Schrodinger’s Catwalk November 27, 2007Posted by Dwight Furrow in Culture, Dwight Furrow's Posts, Science.
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I think a show devoted to discovering “Australia’s Next Top Model” needs a different format than the American version. Does Tyra know quantum mechanics?
And a physicist claims he has been plagiarized.
Gratitude November 18, 2007Posted by Dwight Furrow in Culture, Ethics, Philosophy.
Thanksgiving is nearly upon us; its time to think about gratitude and food. Truth be told, my thoughts are seldom very far from the topic of food. I suppose there is an issue about whether fluffy mashed potatoes are better than creamy. I prefer fluffy but I don’t yet have a philosophical argument for this preference. So I shall leave discussion of the right method of making fluffy mashed potatoes to other media. (See here) However, gratitude raises some philosophical questions worth asking this time of year.
Gratitude is an emotion and, like other emotions, has what philosophers call an intentional object. Our emotions are about something. We don’t just feel fear–we fear something. We are not simply sad, but sad about something. Similarly, we are not just grateful but are grateful for something and feel gratitude toward something.
Our ordinary uses of the word “gratitude” suggest that the object of gratitude is another person. Gratitude expresses appreciation for a benefit received, and that suggests that something must have been the giver of the benefit and must have intended it as a benefit. Moreover, if our expressions of gratitude are to make sense, it would seem that we must express them to something that can recognize and appreciate the gratitude. The only thing that seems to qualify is another person.
To whom are we expressing gratitude at Thanksgiving? Believers in a personal God (Christians, Muslims, Jews, some Hindus, etc.) have a ready answer to this question. A God who listens to prayers, is capable of love, and has intentions has the necessary personal characteristics to be a recipient of gratitude, and if the religious narrative is correct, is surely deserving of it.
But what about non-believers (agnostics, atheists, Buddhists) or those who believe in an impersonal God, such as some Hindus, Taoists, etc. Does it make sense to give thanks to an impersonal God, or the universe, or nature? These impersonal beings have no intentions and lack conscious awareness. They neither intended to confer benefit on us nor recognize our attempts to give thanks. Is giving such thanks a coherent idea?
There are many people who do give thanks to impersonal objects. For instance, practitioners of yoga (with its roots in Hinduism) report intense feelings of gratitude and direct them towards nature or Being. But what is the structure of this feeling? What is the object? Of course one can pick an object like the sun toward which to express gratitude–surely the sun benefits us. But it’s just a ball of gas with no intentions or ability to receive our thanks. We can rejoice in its existence and appreciate its usefulness and beauty, but that is not the same thing as expressing gratitude.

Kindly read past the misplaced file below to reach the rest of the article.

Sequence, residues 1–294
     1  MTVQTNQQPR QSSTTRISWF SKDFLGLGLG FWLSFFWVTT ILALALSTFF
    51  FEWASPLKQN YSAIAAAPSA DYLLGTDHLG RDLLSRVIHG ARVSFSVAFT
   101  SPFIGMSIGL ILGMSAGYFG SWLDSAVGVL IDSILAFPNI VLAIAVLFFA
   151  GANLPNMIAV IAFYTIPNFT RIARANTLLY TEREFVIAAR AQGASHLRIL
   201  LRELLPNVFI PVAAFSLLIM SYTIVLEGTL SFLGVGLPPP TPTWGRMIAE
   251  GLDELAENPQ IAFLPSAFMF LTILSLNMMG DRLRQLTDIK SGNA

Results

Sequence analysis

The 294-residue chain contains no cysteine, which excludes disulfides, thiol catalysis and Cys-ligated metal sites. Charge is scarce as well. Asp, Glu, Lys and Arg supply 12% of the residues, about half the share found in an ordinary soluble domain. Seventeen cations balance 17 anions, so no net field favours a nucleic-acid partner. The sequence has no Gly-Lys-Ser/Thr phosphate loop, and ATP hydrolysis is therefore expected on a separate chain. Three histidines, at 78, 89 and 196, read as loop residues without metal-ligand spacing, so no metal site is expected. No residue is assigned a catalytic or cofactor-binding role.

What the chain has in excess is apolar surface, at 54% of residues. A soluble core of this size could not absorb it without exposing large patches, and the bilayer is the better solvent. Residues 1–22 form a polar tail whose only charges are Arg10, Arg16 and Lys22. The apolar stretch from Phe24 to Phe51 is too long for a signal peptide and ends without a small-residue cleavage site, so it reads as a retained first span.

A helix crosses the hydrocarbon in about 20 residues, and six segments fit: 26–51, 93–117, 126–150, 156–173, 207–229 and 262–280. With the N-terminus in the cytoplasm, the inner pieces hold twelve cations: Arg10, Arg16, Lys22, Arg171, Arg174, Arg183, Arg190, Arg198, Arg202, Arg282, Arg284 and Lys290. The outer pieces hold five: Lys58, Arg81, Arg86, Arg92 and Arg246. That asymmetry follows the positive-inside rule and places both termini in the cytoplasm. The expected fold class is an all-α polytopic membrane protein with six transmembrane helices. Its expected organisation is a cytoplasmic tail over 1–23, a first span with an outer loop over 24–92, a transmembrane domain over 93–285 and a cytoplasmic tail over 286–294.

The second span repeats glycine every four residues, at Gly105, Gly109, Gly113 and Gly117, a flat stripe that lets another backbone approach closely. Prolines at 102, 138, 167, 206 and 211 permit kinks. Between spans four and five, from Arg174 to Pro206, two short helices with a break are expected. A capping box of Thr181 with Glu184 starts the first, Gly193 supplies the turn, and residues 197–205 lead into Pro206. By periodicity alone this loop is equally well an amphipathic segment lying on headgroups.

My own view about gratitude is this. As human beings we are vulnerable creatures and when that vulnerability is lessened we naturally feel intense relief and celebration. The abundance we celebrate at Thanksgiving is a symbol of the mitigation of our vulnerability. But the object of gratitude is not some impersonal force. By themselves, the forces of nature confer no benefits on us. Without a human society that enables us to manage nature, the sun’s rays or a rainstorm’s moisture are cruel, blind impresses that would quickly snuff out human existence.We survive because of the existence of other persons both past and present who cooperate in ways that allow us to benefit from nature
The people sitting around our Thanksgiving tables are people we depend on and they deserve our gratitude. So do the people who continue to live only in our memories. But these concrete others are also symbols. They are symbols of the vast networks of anonymous others that make our abundance possible. Human beings who do their best everyday, who work hard, play hard, and take their responsibilities seriously. They make our abundance possible and deserve our thanks.
Of course, we don’t have personal relationships with all of these anonymous others. But they are persons who strive to add value and are conscious of doing so and who can acknowledge and receive thanks. And surely they are less abstract than the impersonal divinities of the Asian religions or the personal God of monotheism. Unlike the benefits conferred by deities, we can trace the causal lines of influence and explain the human excellence that puts food on our tables, energy in our homes, and information in our books and on our computers.
As we sit around the table at Thanksgiving, we see in the faces of family and friends the anonymous others who make our lives possible. Though anonymous they are not impersonal and are an appropriate object of gratitude.
Conservative Crackup? November 8, 2007Posted by Dwight Furrow in Current Events, Dwight Furrow's Posts.
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A group of influential conservatives recently raised the possibility of a third-party candidate should Rudy Giuliani gain the Repubican nomination. Their worry is that Giuliani is not committed to opposing abortion or gay rights, which have been the centerpiece of social conservative policy.
There is indeed some polling that suggests dissatisfaction among so called “values voters” with the current front runner. But I am skeptical about the conservative coalition falling apart.